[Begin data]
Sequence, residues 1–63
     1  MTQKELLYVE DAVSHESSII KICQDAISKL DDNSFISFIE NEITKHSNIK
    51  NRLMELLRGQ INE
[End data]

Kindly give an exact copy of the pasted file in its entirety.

Sequence, residues 1–63
     1  MTQKELLYVE DAVSHESSII KICQDAISKL DDNSFISFIE NEITKHSNIK
    51  NRLMELLRGQ INE